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LeAnna Brown

Author and Creator at Economical Excursionists
Former teacher turned blogger turned mom turned full time travel addict, LeAnna has never been one to live life by the rules. Whether she is moving to a farm in Switzerland to learn to make cheese (Yes, CHEESE), jumping off a mountain to paraglide over Cinderella castles, or taking her baby all over the world with nothing but a backpack on their backs, LeAnna designs and defines her OWN life. LeAnna, her husband Andy, and kiddo, "Lil B" love to live a minimal lifestyle, not only for the "thrill" of pinching pennies but in order to save for traveling the world. Considering over 40 countries and 90+ cities have been explored, we'd say they are doing something right!

About LeAnna Brown

Former teacher turned blogger turned mom turned full time travel addict, LeAnna has never been one to live life by the rules. Whether she is moving to a farm in Switzerland to learn to make cheese (Yes, CHEESE), jumping off a mountain to paraglide over Cinderella castles, or taking her baby all over the world with nothing but a backpack on their backs, LeAnna designs and defines her OWN life. LeAnna, her husband Andy, and kiddo, "Lil B" love to live a minimal lifestyle, not only for the "thrill" of pinching pennies but in order to save for traveling the world. Considering over 40 countries and 90+ cities have been explored, we'd say they are doing something right!

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23 thoughts on “How One Couple Went from Beginner Travel Hackers to Experts

  • Anne

    I wish my husband took care of all our travel hacking. I give him the cards with little notes on saying ‘use this one.’ I guess he is contributing in his own way lol

  • Lotte

    Very detailed advice, thanks! I always wonder if travel hacking is possible when you have a nationality of a European country (like I do). Do you have any advice for me?

  • Carly

    I’m slowly starting the process of travel hacking, but I’m scared I’ll wreck my credit if I have a low financial month haha. Do you find it easier to do it as a couple as opposed to as an individual?

    • LeAnna Post author

      Hey Carly! Make sure you read my myths and misconceptions post about scores and C.C. You’ll find it very helpful! As far as couple vs individual, it is basically just the same, just we duplicate the process for the 2nd person. In fact, it might be harder as a couple bc that means you have to meet the minimum spend twice, double the tracking for bills, etc!

  • Kathrin

    I really have to start diggind into travel hacking and travel credit cards a bit more. They seem like such a good way to save money on traveling. However, as I’m still a student without a regular income I don’t want to get a credit card just now. But once I finished uni, I might.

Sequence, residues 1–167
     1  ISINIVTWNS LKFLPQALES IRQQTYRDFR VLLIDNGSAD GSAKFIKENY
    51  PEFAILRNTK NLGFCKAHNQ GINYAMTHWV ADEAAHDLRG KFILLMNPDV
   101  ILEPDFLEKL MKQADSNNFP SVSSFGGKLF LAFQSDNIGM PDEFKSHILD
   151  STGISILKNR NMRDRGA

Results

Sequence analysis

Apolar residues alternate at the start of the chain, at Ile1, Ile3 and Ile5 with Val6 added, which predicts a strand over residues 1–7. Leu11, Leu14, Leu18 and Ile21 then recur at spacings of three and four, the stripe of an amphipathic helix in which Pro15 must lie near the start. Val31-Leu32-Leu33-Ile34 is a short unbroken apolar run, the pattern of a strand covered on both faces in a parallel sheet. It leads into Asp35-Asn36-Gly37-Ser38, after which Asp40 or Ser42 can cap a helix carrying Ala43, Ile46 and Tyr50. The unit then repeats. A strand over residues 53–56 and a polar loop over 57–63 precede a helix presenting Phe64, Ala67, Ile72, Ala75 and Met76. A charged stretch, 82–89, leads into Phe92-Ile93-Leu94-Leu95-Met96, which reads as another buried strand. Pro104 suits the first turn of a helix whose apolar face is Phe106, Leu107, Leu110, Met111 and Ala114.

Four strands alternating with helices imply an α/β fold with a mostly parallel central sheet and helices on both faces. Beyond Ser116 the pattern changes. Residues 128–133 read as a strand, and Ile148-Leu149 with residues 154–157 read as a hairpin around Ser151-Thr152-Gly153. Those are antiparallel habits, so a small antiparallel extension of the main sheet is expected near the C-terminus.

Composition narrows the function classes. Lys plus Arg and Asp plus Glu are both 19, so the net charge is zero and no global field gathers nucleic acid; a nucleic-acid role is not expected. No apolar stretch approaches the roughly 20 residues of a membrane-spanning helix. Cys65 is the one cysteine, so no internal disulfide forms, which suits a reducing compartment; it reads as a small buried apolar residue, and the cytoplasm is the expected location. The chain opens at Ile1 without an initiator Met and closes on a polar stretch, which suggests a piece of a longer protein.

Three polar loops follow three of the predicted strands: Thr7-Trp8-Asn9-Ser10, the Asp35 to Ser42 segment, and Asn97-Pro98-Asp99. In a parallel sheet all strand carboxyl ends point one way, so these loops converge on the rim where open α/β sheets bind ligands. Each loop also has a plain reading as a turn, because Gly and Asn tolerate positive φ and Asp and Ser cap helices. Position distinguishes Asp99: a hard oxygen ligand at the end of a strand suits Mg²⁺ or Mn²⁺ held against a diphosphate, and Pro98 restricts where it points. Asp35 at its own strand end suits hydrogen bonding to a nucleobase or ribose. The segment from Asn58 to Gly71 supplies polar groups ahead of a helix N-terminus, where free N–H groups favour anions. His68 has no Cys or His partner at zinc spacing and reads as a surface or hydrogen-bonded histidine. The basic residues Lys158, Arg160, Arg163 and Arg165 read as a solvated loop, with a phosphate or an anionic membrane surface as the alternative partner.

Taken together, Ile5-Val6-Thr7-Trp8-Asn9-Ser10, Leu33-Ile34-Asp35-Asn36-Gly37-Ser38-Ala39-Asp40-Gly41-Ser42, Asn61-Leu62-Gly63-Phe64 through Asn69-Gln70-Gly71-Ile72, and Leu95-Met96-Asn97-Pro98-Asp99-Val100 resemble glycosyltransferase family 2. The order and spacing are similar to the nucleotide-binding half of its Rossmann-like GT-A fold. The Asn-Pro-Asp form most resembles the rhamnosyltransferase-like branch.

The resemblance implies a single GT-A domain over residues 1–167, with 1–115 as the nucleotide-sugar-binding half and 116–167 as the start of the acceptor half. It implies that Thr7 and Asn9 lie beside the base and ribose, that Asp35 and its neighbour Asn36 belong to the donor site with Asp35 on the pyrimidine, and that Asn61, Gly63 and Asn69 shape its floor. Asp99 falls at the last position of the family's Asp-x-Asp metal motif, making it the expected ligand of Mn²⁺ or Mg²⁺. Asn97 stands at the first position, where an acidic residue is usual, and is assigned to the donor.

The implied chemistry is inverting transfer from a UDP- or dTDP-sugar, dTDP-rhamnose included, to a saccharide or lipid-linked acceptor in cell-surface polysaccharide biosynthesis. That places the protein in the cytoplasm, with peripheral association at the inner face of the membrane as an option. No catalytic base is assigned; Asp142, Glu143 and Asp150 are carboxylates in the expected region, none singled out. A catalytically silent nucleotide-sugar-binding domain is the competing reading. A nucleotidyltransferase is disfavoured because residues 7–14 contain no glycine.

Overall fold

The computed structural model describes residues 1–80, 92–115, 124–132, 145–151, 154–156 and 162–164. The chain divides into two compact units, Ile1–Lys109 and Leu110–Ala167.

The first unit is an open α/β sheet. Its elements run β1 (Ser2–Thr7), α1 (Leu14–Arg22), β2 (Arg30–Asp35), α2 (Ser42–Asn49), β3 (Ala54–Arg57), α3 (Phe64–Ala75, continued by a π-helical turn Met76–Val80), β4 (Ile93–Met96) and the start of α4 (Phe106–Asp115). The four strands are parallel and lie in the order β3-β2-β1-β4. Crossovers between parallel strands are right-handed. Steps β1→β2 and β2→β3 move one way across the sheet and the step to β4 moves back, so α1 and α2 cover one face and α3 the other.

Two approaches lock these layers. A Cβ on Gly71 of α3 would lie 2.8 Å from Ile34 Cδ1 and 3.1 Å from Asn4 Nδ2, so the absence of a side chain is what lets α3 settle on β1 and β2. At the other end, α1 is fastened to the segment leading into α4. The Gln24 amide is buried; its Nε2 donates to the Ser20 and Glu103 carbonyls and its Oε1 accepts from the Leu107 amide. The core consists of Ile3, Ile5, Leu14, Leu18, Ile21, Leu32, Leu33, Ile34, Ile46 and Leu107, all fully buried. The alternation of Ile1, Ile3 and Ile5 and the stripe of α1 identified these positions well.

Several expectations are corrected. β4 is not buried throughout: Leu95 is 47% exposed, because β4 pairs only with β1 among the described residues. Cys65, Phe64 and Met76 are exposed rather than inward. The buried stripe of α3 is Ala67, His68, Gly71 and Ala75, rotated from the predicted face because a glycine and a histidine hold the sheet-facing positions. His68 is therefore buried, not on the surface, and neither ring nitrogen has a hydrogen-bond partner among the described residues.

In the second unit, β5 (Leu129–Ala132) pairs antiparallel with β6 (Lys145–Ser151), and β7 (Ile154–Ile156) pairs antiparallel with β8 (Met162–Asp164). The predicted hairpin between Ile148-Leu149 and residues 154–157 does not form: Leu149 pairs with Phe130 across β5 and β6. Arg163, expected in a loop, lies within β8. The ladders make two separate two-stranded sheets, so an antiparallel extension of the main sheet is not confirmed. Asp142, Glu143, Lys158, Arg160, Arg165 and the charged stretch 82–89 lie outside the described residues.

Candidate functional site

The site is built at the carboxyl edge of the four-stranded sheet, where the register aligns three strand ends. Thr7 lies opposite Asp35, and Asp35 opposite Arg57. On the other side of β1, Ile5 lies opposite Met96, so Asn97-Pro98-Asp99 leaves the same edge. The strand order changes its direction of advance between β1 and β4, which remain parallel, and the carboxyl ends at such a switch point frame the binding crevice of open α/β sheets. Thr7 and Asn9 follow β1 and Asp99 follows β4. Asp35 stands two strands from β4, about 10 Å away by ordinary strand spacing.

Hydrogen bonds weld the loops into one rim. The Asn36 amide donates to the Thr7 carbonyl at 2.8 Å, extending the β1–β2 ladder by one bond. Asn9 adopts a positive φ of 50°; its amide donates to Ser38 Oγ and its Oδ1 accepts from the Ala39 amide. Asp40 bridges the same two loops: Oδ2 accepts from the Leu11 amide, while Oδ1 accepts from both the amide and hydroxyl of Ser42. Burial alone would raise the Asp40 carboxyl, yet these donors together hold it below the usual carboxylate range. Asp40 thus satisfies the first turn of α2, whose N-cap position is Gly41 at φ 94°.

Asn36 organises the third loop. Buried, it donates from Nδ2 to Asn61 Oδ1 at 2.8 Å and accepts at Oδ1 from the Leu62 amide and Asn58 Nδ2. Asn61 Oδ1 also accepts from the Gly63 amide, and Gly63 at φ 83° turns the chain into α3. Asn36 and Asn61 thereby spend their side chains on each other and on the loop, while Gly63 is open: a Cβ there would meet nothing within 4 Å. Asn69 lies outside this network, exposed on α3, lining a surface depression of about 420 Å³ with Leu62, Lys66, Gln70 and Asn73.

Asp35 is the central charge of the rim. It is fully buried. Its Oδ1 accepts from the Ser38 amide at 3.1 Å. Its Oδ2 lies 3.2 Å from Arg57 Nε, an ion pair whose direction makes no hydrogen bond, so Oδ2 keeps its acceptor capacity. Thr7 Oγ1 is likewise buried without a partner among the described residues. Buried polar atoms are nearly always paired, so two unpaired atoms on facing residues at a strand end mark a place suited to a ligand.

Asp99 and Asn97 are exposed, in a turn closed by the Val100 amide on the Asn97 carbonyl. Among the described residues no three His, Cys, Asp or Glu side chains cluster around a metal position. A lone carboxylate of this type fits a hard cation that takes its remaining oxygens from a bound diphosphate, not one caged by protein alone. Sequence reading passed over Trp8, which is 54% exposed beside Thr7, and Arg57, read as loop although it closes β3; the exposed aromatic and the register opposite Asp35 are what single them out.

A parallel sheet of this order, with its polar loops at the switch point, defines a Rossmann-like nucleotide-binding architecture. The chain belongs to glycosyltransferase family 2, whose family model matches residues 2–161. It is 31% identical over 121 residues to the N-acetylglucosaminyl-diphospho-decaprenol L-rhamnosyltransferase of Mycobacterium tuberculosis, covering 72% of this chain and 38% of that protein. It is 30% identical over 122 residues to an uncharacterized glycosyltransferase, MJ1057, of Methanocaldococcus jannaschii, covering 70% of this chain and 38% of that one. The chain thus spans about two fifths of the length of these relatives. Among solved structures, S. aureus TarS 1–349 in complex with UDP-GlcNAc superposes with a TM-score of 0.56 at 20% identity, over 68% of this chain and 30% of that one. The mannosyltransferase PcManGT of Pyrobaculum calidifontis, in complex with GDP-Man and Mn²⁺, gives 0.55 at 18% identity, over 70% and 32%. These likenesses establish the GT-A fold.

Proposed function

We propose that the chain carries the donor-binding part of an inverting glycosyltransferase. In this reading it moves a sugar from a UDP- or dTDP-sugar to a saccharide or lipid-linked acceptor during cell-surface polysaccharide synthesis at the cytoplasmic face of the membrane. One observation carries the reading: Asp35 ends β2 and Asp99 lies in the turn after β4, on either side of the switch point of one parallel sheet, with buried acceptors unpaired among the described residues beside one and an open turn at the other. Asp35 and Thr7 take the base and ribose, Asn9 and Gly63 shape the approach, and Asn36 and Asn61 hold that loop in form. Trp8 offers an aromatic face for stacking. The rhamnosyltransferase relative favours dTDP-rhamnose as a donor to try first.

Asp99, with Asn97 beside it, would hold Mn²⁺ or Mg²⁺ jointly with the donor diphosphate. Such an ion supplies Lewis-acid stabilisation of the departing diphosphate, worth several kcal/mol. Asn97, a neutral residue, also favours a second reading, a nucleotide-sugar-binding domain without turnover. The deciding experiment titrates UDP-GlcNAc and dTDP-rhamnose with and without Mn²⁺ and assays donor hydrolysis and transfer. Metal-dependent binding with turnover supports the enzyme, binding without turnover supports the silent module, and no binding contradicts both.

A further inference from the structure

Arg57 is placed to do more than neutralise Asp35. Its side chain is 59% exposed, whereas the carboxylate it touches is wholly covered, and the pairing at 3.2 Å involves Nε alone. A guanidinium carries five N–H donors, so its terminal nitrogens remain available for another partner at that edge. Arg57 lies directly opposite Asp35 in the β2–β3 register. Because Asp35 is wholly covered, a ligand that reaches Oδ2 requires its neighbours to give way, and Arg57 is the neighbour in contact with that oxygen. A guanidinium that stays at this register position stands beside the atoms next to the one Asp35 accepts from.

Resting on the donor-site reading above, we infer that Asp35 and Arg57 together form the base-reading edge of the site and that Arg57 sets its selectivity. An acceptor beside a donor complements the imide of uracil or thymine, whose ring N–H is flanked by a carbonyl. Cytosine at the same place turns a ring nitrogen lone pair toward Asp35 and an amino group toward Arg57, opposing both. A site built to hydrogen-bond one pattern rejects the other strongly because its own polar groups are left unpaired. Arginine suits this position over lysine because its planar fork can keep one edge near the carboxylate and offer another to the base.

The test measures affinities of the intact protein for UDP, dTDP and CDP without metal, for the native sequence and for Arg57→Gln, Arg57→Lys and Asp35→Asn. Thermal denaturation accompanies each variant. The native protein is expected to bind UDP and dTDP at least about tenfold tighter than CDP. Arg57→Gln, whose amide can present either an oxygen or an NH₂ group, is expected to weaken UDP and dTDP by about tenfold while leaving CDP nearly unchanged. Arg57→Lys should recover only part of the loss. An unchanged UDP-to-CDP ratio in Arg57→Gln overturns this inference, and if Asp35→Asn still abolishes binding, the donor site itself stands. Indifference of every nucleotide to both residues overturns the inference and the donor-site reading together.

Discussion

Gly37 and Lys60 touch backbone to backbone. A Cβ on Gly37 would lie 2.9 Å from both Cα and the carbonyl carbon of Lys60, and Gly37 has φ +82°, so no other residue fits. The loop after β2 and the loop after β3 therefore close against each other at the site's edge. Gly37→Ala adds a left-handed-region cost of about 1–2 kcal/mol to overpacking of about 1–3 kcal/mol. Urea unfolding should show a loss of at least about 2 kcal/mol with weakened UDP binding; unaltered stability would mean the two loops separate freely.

• LeAnna Post author

      Hey Kathrin, did you read the section on using your C.C to pay for school? You are already paying for it anyway (so it is not $ that you are spending extra). Basically, you already have that money in your account for school, so you pay the bills w/ your card and then just pay off the card (IMMEDIATELY) w/ the money you already had. BAM…free trip within months…just for going to school!

  • Mar Pages

    Using big projects to earn your minimum is a great idea! What a smart way to further utilise the amount you were already paying for education. Also really liked the question and answer format of this post, felt a lot more doable and friendly- like someone teaching you!

    • LeAnna Post author

      Thanks, Mar! Travel hacking can be a really overwhelming topic, so I’m glad you found the format friendly (more to come in this style in part 2!)

    • LeAnna Post author

      I know the US is by far the most extreme with this. The UK has just a few options, but still worth it. I wonder if there is even one or two cards or programs NZ can use. But let’s be honest….why would you ever want to travel away from NZ….it’s beautiful and amazing in and of itself! 😉

  • Vanessa

    I think the key in all of this is being willing to do your research. Grab a bottle of wine, settle in for the night, and find the program that’s right for you.

  • Veronika

    What a pity in Europe travel hacking possibilities are limited – the banks are not in favor in giving anything back for buying stuff with credit card. I hope this will get there soon!:)

    • LeAnna Post author

      Where in Europe are you? I know the UK has a few (not many) programs and options. We are currently living in Germany and I will say that at least in the last 5-10 years, credit cards have become MUCH more accessible and used so hopefully it’s just a matter of time before similar programs take off here as well!

  • anto

    Thanks for the tips! As far as I know, there are not really reward programs in Holland but probably there would be away to make it work. It’s definitely worth checking that out though because it seems like you can save a lot of money with it…

    • LeAnna Post author

      Carla, I wish I could say I knew more about international travel hacking 🙁 I know that the US has the most opportunities, but that doesn’t mean that there might not be something for you that could at least get you a little something? Might be worth a quick google search, if nothing else!